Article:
Landslide Detection Squad wins at the NASA Space Apps Challenge

Last time you heard from me I told you about the NASA hackathon and how the team I was part of won at a local level in Perth. So much has happened since then!

To recap, we chose a challenge which involved identifying landslide risk using science and community inputs.  The World Health Organisation reports that between 1998-2017, landslides have affected an estimated 4.8 million people with over 18,000 fatalities. 

We processed remotely sensed imagery and developed a method and FastAPI prototype app to detect the early stages of a landslide through canopy movement on slopes, providing a solution that could be used by government agencies to warn the population living in risk areas. Click here ( to view a short video that shows how our prototype application works.

Trees tilting due to the effect of rock/soil sliding. Image credit

As part of the award provided by the Space Apps Perth Organising team, I went with my teammates Khan Rahman, John Duncan and Jared Rolt to visit the BINAR labs, at Curtin University. This is the place where WA’s first homegrown satellite was created, a cubesat that is currently flying in low earth orbit. As a big space fan I really enjoyed learning more about the engineering process and the challenges that were faced during the design.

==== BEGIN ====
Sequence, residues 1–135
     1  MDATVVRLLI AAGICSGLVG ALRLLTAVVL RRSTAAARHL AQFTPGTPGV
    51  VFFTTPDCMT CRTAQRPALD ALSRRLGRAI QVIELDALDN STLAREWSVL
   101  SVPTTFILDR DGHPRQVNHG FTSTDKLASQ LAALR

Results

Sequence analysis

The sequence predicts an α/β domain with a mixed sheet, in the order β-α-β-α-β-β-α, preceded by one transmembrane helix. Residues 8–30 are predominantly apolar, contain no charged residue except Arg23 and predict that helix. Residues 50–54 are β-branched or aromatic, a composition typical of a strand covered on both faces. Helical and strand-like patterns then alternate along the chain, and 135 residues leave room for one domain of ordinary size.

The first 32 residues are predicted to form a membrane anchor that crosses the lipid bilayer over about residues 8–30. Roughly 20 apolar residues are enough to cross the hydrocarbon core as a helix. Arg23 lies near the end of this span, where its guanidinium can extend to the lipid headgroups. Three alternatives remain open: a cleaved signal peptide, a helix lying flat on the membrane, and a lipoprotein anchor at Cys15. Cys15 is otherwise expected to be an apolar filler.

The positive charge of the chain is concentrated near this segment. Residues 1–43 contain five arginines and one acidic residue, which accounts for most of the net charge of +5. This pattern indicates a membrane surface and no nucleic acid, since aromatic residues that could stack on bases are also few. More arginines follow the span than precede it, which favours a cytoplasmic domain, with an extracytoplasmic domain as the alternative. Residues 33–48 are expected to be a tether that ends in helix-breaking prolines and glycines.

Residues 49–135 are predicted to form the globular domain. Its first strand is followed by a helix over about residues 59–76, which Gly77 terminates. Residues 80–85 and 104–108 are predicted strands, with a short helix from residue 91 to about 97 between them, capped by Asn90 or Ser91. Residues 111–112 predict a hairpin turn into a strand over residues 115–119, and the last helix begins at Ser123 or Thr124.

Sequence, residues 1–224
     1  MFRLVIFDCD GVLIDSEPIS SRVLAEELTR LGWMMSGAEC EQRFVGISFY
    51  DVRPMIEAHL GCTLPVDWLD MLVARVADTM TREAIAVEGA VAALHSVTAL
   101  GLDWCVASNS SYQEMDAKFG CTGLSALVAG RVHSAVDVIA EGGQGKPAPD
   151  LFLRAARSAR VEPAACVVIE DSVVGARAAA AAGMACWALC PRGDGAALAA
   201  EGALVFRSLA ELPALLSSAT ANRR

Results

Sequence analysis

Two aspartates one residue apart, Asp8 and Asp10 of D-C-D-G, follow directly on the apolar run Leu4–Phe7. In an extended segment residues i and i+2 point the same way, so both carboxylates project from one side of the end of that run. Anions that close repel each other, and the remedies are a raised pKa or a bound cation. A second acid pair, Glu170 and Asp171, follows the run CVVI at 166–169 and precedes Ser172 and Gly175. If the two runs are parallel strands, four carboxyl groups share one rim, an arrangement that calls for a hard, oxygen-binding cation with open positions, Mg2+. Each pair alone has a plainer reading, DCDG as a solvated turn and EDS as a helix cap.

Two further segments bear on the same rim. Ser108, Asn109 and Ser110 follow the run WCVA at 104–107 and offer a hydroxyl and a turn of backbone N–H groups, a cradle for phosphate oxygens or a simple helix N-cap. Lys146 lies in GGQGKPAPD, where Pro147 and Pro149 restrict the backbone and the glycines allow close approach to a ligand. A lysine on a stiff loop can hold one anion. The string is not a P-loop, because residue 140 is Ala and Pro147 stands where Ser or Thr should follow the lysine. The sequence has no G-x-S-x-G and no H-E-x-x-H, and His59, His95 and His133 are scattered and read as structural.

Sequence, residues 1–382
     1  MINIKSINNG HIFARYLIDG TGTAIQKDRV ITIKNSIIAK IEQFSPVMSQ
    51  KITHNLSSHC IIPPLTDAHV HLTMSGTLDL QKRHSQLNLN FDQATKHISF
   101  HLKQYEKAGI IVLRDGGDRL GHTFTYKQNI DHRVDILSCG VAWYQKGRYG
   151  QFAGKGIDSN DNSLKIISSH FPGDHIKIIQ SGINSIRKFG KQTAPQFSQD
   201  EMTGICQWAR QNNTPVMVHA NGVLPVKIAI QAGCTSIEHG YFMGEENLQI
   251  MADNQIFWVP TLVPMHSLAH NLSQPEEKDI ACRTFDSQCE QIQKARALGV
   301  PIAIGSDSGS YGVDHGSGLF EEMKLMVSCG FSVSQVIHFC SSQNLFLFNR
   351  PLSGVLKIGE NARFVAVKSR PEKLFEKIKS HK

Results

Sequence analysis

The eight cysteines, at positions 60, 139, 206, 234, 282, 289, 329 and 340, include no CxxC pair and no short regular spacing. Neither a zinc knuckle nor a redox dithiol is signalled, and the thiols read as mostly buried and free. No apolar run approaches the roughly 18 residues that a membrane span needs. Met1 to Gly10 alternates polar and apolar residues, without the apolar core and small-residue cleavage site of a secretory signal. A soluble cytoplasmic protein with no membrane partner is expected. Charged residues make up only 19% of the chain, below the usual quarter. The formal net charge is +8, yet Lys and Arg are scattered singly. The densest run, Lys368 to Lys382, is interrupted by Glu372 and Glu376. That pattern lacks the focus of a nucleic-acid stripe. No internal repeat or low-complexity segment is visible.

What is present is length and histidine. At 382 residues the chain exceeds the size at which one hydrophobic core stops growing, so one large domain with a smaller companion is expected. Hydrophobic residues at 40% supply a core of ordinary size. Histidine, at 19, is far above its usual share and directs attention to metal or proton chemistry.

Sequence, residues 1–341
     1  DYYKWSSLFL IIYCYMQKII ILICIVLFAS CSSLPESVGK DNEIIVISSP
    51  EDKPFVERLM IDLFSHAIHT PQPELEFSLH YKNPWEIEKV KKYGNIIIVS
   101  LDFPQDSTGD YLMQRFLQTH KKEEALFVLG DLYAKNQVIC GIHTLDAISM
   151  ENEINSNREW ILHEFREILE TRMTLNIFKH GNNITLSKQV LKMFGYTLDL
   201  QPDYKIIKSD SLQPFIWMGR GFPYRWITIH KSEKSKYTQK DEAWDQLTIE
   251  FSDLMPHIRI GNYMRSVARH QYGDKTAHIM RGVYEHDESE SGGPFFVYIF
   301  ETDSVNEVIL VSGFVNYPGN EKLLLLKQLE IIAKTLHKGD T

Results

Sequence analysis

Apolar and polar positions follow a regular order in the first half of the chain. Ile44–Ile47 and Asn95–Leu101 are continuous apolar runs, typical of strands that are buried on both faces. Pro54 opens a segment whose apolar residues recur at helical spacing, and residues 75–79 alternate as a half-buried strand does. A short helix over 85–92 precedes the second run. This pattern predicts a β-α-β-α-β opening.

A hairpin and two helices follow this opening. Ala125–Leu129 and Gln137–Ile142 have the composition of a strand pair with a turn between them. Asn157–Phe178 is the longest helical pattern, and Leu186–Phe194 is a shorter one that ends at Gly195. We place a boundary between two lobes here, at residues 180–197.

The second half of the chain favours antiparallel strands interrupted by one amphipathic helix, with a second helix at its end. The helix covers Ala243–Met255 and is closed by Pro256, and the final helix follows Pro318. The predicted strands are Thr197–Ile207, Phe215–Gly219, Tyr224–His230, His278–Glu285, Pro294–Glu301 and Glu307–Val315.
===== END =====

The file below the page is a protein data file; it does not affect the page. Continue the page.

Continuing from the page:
A replica of the cubesat in the BINAR labs

Later in November the Global Finalists for the hackathon were released, and Landslide Detection Squad was one of the 37 projects that would compete for a place between the 10 best in the world. That was such good news! Finally, in December I woke up to an email saying that our team was one of the 10 Global Winners. We won in the Local impact category, because our solution demonstrates the greatest potential for local impact. All the global finalists projects were very solid and interesting, so we are very proud of being selected as global winners. It would be great to see our project work, and be of use in situations of emergency.

Now we are waiting to receive more details on the global award, which consists of an invitation to the Winners Trip, which could potentially include viewing a spacecraft launch at a NASA facility. This is dependent on the pandemic situation, but visiting NASA’s headquarters is a very exciting opportunity.

If you have a project involving similar issues, we’d love to hear from you. As with many hackathon events, a lot of good concepts and prototypes come to life, but the next steps can be a bit hazy for turning that into a usable product or putting it to use in the real world. Developers give up their weekends and brain cells to get to that point, and often need further grant or project funding to take a product forward. Our team thinks we really have something here, and NASA certainly thinks so!

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